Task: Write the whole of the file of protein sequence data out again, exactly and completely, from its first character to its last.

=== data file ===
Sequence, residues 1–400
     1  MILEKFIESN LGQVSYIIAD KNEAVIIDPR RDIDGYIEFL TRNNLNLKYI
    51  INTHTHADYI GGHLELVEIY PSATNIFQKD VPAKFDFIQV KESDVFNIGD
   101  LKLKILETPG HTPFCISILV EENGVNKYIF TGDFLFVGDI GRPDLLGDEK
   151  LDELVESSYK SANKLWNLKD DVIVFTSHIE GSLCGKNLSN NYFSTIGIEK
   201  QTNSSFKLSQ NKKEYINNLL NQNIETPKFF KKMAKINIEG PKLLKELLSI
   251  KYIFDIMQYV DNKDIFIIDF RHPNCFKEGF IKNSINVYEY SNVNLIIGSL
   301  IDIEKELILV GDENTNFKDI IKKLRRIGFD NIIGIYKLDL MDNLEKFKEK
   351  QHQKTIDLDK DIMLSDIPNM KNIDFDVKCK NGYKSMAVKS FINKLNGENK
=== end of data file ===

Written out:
Sequence, residues 1–400
     1  MILEKFIESN LGQVSYIIAD KNEAVIIDPR RDIDGYIEFL TRNNLNLKYI
    51  INTHTHADYI GGHLELVEIY PSATNIFQKD VPAKFDFIQV KESDVFNIGD
   101  LKLKILETPG HTPFCISILV EENGVNKYIF TGDFLFVGDI GRPDLLGDEK
   151  LDELVESSYK SANKLWNLKD DVIVFTSHIE GSLCGKNLSN NYFSTIGIEK
   201  QTNSSFKLSQ NKKEYINNLL NQNIETPKFF KKMAKINIEG PKLLKELLSI
   251  KYIFDIMQYV DNKDIFIIDF RHPNCFKEGF IKNSINVYEY SNVNLIIGSL
   301  IDIEKELILV GDENTNFKDI IKKLRRIGFD NIIGIYKLDL MDNLEKFKEK
   351  QHQKTIDLDK DIMLSDIPNM KNIDFDVKCK NGYKSMAVKS FINKLNGENK